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Sand Mining

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    Sand becomes “increasingly scarce and expensive”

    October 16th, 2017

    A symposium taking place at Dutch Design Week later this month will discuss the rapid depletion of the world’s sand reserves, which could leave supplies of the high-quality sand used in the glass industry exhausted within 20 years.

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    How a worldwide sand shortage could impact the design world

    October 12th, 2017

    Later this month, Dutch Design Week will host a symposium entitled “The Abundance and Scarcity of Sand.” Notable speakers include geologist and author Michael Welland, as well as Denis Delestrac, whose 2013 documentary, Sand Wars, showcased the lengths that contractors and smugglers alike will go to hoard and sell a commodity second only to freshwater, in terms of consumption.

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    French beaches’ sand for sale illegally on internet

    October 11th, 2017

    A french mayor discovered that sand from the town’s local beach, was for sale on the internet. Maybe rather inconspicuous at first glance, this occurence instead reveals far deeper tensions related to the exploitation of this finite ressources.

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    The world hungers for sand

    September 30th, 2017

    The ravenous hunger for sand worldwide was spotlighted in the 2013 documentary “Sand Wars” by French filmmaker Denis Delestrac, which warned that illegal sand mining could make beaches a thing of the past by the end of the 21st century.

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    A looming tragedy of the sand commons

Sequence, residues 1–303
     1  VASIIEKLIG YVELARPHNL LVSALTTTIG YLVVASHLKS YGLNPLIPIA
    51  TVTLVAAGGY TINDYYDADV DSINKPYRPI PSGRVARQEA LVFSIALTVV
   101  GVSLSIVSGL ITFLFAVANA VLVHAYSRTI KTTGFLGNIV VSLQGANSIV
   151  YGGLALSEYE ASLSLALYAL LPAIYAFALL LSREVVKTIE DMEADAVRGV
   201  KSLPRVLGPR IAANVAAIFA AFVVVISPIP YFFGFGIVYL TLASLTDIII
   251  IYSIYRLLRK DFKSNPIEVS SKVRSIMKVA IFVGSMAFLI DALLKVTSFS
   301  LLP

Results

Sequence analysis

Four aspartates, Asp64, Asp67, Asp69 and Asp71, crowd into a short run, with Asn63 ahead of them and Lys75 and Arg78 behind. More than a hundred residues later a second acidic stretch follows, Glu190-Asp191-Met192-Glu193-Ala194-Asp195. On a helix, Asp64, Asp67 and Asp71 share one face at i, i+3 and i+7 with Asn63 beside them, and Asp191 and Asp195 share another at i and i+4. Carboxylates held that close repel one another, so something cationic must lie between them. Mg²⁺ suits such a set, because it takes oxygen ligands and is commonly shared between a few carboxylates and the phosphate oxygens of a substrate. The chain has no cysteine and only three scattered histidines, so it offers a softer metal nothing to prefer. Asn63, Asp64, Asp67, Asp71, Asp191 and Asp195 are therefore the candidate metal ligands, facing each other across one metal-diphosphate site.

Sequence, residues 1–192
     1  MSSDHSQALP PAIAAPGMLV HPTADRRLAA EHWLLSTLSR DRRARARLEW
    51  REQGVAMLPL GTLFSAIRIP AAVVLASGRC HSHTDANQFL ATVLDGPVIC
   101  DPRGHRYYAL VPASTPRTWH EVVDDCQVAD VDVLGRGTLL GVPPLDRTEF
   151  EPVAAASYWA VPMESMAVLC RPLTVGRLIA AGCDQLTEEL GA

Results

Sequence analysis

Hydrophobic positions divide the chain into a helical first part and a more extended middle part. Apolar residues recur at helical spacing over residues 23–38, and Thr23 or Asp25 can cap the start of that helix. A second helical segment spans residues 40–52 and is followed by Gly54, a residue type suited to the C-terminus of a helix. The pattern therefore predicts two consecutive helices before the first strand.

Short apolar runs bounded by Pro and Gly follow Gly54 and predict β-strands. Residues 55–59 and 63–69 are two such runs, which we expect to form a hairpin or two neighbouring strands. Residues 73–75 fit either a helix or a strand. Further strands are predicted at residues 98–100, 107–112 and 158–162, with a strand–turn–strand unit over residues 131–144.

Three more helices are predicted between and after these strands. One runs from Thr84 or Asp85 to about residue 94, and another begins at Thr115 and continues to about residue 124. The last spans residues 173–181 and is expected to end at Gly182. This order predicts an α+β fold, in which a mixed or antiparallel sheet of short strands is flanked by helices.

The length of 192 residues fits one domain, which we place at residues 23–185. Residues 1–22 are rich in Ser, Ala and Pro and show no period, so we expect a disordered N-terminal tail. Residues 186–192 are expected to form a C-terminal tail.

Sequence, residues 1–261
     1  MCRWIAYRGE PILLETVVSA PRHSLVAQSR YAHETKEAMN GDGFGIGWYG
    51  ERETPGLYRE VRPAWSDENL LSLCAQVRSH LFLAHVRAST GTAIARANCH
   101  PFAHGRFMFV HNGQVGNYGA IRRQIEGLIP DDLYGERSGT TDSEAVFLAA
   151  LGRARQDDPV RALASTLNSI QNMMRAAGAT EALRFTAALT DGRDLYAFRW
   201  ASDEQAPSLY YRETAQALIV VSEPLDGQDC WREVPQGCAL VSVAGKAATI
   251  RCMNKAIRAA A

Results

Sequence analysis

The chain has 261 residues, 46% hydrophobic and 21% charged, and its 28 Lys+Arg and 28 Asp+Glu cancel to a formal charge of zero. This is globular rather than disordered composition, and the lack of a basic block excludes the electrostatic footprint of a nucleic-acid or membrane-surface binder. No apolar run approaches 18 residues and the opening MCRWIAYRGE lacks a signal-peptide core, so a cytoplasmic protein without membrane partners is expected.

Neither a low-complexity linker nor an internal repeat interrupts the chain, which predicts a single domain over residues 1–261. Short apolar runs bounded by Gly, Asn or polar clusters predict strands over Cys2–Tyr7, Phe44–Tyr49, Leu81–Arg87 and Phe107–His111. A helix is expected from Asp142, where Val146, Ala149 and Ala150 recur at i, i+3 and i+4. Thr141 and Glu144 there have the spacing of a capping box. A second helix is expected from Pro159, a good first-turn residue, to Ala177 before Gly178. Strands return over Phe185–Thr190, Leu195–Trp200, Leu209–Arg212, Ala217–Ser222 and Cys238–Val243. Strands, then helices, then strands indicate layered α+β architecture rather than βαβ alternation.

September 8th, 2017

    Because of the difficulty in regulating their consumption, common-pool resources are prone to tragedies of the commons as people may selfishly extract them without considering long-term consequences, eventually leading to overexploitation or degradation. Even when sand mining is regulated, it is often subject to rampant illegal extraction and trade.

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    Sand Mining: Growing Pains of Cross-Border Trade

    August 29th, 2017

    When powerful storms strike, like Typhoon Hato in southern China or Hurricane Harvey in Texas, the surging water scatters tons of sand – an essential ingredient required for the rebuilding soon to follow. Such storms add to growing global demand for sand with poor consequences for the economy and environment.

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    Why Sardinia’s tourists taking sand as souvenir face fine

    August 24th, 2017

    Famed for its pristine beaches, the Mediterranean island of Sardinia has hit back at holidaymakers who have been pinching its sand.

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    Kenya’s sand wars

    August 19th, 2017

    Communities are pitted against sand harvesters, powerful cartels and one another as demand for sand in Kenya grows.